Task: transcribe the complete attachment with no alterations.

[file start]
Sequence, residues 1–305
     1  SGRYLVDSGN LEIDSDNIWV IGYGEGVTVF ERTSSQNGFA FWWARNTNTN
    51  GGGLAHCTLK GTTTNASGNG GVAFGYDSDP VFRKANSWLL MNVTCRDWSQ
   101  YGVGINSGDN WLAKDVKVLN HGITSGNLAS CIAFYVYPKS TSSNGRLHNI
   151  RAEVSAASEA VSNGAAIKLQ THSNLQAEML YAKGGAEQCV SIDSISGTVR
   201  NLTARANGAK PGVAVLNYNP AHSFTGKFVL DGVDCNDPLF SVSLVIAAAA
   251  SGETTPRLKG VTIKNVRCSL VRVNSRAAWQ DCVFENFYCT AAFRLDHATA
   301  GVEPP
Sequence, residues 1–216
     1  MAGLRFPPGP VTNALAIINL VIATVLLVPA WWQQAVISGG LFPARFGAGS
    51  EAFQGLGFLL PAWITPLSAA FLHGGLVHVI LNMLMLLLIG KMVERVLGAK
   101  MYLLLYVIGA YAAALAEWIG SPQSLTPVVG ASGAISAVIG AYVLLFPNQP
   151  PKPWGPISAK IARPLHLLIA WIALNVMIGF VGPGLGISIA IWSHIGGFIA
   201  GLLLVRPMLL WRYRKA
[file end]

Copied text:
Sequence, residues 1–305
     1  SGRYLVDSGN LEIDSDNIWV IGYGEGVTVF ERTSSQNGFA FWWARNTNTN
    51  GGGLAHCTLK GTTTNASGNG GVAFGYDSDP VFRKANSWLL MNVTCRDWSQ
   101  YGVGINSGDN WLAKDVKVLN HGITSGNLAS CIAFYVYPKS TSSNGRLHNI
   151  RAEVSAASEA VSNGAAIKLQ THSNLQAEML YAKGGAEQCV SIDSISGTVR
   201  NLTARANGAK PGVAVLNYNP AHSFTGKFVL DGVDCNDPLF SVSLVIAAAA
   251  SGETTPRLKG VTIKNVRCSL VRVNSRAAWQ DCVFENFYCT AAFRLDHATA
   301  GVEPP
Sequence, residues 1–216
     1  MAGLRFPPGP VTNALAIINL VIATVLLVPA WWQQAVISGG LFPARFGAGS
    51  EAFQGLGFLL PAWITPLSAA FLHGGLVHVI LNMLMLLLIG KMVERVLGAK
   101  MYLLLYVIGA YAAALAEWIG SPQSLTPVVG ASGAISAVIG AYVLLFPNQP
   151  PKPWGPISAK IARPLHLLIA WIALNVMIGF VGPGLGISIA IWSHIGGFIA
   201  GLLLVRPMLL WRYRKA